In an age of vehicles and photo-sharing, the experience of wilderness has been dulled and framed. Thru-adventuring is a chance to engage the senses again.
Usually, sitting under a redwood would make me stagger back and gaze up. Instead, all I could focus on was how cold I was. Three weeks into a bicycle tour of the Pacific Coast Highway, my wife Janna and I came coasting down the back hills of the Lost Coast into the heart of the Redwood State and National Parks in northern California. Most days were spent staggering between bits of warm sunlight that fell through the sieve of marine layer and then smacking into the cold damp of that same cloud cover. It was beautiful, but it also wore on our desert-honed bodies. We were used to the ultra-dry conditions of the Arizona with its almost perpetual sunlight. We chose to ride the coast precisely to experience ecosystems of America we had yet to visit.
To experience these climatic zones, we chose to ride steel-framed bicycles along the Pacific Coast Highway. Using the useful maps sold by the Adventure Cycling Association, we packed our bikes and gear into a rental van and headed to Vancouver. As with all extended self-propelled trips, getting into the swing of constant motion tore our bodies and pushed us the first week or two. Once we settled into the rhythm of ride and sleep, we flew. However, we both were racked daily by the struggle to thermoregulate. Cold damp mornings would lead to constant shivering. As soon as we were awake, we would stuff our tarp away and suit up into damp bike shirts and chamois. Uncontrollable shaking would follow. Turning onto our route, I would gaze ahead hoping for a sharp incline. Riding over hills and mountains meant physical exertion, aka. metabolic heat. Headwinds would strike our bodies most of the time (despite our southerly direction) and add to the cold. Around noon, sun would bake the fog out of the sky, and humid heat saturated everything. Although my skin seemed to hold up, Janna’s hands developed blisters due to the constant exposure of sun, wind, and cloud.
Last day of our ride as head to the border.
I loved it though. It was real and it shook me down. Without the comforts of windless rooms set to an always comfortable 72 degrees, my body had to fight the environment. To be clear, I never found myself in a true survival situation; just constant mini-battles for homeostasis. Riding along the coast in the this style was sense experience. Throughout the ride, I grew aware of the lack of sense experience in today’s world when it came to nature. The wild, in all its sizes, has increasingly become a commodity of the framed experience.
“The wild, in all its sizes, has increasingly become a commodity of the framed experience.”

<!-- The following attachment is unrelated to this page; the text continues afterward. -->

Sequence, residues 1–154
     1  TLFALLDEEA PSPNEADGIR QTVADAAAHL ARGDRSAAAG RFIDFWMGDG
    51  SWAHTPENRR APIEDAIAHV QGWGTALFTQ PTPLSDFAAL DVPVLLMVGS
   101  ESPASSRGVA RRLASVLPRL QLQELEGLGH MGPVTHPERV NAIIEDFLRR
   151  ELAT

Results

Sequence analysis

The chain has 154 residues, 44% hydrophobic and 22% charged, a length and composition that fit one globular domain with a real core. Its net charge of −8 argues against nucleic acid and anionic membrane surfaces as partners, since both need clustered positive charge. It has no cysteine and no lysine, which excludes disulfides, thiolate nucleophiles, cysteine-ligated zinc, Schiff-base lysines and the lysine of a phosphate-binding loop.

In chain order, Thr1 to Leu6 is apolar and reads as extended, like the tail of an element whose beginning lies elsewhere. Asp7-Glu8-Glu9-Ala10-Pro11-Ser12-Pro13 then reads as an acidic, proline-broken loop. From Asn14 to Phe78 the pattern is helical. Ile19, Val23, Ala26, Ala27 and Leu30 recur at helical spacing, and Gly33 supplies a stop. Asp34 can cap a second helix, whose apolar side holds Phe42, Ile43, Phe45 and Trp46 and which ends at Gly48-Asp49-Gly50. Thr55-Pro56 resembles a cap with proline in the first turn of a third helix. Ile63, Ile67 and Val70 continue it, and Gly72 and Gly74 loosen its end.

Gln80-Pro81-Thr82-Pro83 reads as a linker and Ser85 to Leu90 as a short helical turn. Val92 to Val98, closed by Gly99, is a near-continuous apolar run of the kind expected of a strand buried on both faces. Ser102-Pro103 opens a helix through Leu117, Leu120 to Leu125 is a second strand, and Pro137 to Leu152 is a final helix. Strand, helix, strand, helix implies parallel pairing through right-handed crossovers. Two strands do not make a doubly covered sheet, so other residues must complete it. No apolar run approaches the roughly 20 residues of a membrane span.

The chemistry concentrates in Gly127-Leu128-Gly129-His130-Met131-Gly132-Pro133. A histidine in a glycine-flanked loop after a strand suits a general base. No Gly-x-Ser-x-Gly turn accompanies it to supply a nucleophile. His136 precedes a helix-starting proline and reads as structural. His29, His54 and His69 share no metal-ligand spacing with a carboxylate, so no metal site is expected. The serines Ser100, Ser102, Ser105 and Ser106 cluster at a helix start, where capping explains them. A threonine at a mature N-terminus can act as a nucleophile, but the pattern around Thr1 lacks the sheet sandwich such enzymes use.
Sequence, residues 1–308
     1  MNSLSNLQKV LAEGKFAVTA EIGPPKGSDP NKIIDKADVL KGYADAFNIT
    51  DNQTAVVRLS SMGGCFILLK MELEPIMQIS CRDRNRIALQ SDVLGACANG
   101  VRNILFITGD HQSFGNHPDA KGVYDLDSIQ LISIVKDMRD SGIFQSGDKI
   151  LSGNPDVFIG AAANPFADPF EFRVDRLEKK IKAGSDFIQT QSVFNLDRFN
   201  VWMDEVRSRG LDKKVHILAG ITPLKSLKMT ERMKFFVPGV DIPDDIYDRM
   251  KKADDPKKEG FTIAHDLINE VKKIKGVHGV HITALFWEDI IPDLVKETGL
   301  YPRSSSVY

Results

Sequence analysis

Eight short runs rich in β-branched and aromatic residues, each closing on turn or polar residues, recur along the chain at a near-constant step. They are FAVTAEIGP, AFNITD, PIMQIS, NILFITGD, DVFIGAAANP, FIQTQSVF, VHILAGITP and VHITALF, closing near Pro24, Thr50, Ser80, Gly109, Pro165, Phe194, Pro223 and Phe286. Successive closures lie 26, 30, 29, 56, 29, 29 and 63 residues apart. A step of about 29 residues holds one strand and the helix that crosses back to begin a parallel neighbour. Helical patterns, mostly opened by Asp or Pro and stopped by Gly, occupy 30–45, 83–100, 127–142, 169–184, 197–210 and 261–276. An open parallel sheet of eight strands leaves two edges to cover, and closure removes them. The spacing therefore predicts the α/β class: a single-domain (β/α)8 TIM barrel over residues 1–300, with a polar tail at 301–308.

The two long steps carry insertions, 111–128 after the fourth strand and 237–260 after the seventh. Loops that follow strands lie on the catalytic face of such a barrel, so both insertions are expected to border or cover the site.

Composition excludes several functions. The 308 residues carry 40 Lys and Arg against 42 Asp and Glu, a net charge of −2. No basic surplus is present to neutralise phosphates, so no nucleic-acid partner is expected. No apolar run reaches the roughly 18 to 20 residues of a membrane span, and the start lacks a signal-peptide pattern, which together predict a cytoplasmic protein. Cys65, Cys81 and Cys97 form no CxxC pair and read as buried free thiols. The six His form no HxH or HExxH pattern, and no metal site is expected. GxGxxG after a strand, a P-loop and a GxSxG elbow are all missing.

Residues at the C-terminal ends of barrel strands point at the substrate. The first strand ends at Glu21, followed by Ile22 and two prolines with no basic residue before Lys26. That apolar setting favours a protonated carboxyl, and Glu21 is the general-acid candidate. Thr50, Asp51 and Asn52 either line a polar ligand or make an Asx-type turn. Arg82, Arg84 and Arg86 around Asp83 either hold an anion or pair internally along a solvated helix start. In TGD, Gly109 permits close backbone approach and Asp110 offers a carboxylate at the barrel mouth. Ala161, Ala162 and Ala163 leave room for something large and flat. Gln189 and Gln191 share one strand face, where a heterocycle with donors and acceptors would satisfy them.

Wilderness as framed experience is exemplified by the drive-by-stares in most parks today. These are the people who pull into the coveted back corners of nature, only to stare through the windows of their cars before drifting on. Or, they jump out the door to take a quick photo/selfie before driving away. The experience is framed: the windows and phone provide the medium to capture a moment. But that’s it. Just a moment. There is just enough tint and glass to make you feel like you experienced something, but all you really did was stare at it.
Framed experiences are dull. Staring out of the window of a car into a canyon can be thrilling – I’ve been there. It’s just that a quick photo shared on social media doesn’t really capture what it means to let a place be wild. You rely on your eyes. Sense experience relies on all facets of feeling. Want to see the deeper sharper image of a place? Stay an extended time. Small nuances become more apparent as the patterns of living things leave marks in your mind. Temperature becomes something to deal with, not escape from. Sense experience allows a place to become richer. When I listen to an unfamiliar genre of music or when I see art techniques I don’t understand, I can still enjoy the piece. When I take the time to dive into those items more, I see patterns. The patterns decipher a whole new level of complexity I come to see elsewhere in the world around me. When I sense experience a particular wild area, I take those same details and see them everywhere. After several forays into the Grand Canyon, it is no longer just stunning to stare at. I now hunger to explore the smallest eroded valleys I find anywhere. The experience has transferred.